I applied, they accepted and, on August 15th, I flew to Seattle. I was given one of six little witch cottages on Whidbey Island. In the evenings the five other writers and I would gather in the main farmhouse for dinner, freshly cooked for us each day. We didn’t even need to clear the table. We were handed a basket with breakfast and lunch for the next day and each of us went back to our cottages, on the understanding that we would turn up for dinner the following evening.
A couple of the women had been to Hedgebrook before. At dinner they’d say: ‘I took it easy today. I wrote a bit, I read a bit, but mainly I went for long walks and watched the reeds blowing in the wind.’ I didn’t like the sound of their daily schedules at all. I for one wasn’t there to “take it easy”. I was there to push ahead with my next novel, if only because in London Peirene & family do not allow me much time.
I rose at 5.30am, wrote for two hours before breakfast, then three hours after. I had lunch outside by the lake and went for a stroll in the woods. I’d be back at my desk at 1pm sharp to work for another three hours. Then I went for a run, took a shower and got ready for dinner.
For five days I followed this routine happily and contentedly, when suddenly on the morning of day 6 the unexpected occurred. As usual my alarm rang at 5.30am. I turned the other way and went back to sleep. I arrived at my desk around 10, stayed there for roughly an hour and decided to go for a walk. I didn’t feel guilty, I didn’t feel worried. I was floating. At some point that day I returned to my desk, wrote a bit more before I lay down on the lawn, watching the clouds and butterflies. Eventually I went for a run – but longer than usual and slower. In the evening I said to my fellow writers: ‘I took it easy today.’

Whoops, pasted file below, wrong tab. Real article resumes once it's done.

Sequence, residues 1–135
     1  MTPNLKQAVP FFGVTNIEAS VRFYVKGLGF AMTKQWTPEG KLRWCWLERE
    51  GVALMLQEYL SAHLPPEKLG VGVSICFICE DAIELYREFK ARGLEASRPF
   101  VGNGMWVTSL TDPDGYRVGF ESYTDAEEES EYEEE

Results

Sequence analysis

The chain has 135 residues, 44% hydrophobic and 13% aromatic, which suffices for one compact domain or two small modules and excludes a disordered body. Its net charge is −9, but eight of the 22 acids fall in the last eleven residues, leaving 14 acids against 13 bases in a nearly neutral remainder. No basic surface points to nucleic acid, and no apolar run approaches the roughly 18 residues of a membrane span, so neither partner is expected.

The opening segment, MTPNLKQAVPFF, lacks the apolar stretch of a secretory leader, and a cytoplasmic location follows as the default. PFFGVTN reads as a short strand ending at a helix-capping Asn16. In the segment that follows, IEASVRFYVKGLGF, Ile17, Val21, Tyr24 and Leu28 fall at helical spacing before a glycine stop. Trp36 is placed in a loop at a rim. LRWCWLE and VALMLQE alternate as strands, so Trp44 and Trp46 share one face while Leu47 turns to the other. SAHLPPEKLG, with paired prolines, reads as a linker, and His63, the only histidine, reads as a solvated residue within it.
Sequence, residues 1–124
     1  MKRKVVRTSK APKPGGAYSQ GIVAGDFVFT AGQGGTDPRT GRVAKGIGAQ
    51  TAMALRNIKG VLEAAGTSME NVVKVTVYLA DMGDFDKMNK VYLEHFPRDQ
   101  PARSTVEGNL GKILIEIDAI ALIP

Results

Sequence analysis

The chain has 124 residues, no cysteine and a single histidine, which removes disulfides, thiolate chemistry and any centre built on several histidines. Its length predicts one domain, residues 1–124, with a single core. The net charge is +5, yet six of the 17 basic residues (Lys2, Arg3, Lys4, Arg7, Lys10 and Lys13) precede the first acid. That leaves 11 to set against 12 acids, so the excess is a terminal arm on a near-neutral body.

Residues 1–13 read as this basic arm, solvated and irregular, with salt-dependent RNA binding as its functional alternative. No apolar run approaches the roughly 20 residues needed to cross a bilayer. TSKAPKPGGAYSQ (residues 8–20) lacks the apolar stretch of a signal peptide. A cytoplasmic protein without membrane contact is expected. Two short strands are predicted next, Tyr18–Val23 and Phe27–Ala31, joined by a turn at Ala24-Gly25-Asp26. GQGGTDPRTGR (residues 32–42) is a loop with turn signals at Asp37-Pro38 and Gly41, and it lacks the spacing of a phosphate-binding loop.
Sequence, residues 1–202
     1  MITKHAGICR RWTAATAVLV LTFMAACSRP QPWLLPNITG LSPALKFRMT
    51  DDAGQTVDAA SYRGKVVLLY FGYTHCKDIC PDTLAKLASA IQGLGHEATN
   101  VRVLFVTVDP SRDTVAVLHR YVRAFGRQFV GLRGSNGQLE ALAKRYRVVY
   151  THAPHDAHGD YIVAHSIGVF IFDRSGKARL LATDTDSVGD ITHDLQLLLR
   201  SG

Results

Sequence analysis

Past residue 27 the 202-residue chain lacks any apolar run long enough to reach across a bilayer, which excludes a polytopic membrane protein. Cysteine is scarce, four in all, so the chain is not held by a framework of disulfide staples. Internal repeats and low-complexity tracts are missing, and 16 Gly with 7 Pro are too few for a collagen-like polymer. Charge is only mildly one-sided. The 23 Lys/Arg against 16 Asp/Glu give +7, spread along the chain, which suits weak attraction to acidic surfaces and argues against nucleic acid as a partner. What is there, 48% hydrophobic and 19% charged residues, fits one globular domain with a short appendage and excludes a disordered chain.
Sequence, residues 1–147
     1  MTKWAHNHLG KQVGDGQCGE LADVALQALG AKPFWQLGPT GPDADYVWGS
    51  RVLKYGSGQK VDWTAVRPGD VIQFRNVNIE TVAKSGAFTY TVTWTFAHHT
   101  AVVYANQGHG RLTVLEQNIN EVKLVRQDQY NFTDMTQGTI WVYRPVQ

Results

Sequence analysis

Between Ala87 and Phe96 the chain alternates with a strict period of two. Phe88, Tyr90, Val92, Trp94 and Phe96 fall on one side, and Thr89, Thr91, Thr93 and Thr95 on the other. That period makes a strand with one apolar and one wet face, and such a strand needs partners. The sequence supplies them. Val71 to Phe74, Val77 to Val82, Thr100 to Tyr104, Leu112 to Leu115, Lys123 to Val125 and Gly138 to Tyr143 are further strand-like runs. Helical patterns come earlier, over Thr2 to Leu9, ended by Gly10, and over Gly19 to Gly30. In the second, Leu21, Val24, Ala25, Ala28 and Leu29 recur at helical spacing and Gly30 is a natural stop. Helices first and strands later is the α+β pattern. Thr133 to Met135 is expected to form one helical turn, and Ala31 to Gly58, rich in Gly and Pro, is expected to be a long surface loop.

I took it easy for the rest of my stay, producing far more than I ever imagined, overshooting my own set target by many words. I still have a glow even today, back here at my Peirene desk.
‘You’re so lucky to have me around.’ Peirene smiles with self assurance, after I tell her about my Hedgebrook experience. ‘I keep your feet firmly grounded in the every-day and ensure structure and discipline in your life.’
‘You sound more Germanic than Greek,’ I laugh. Then I pause for a moment, before I continue: ‘And I am pleased to have you. It’s lovely to be able to operate in both modes – the floaty and the structured one.’ I give her a kiss on the cheek, before I turn on my computer and face up to the busy autumn ahead.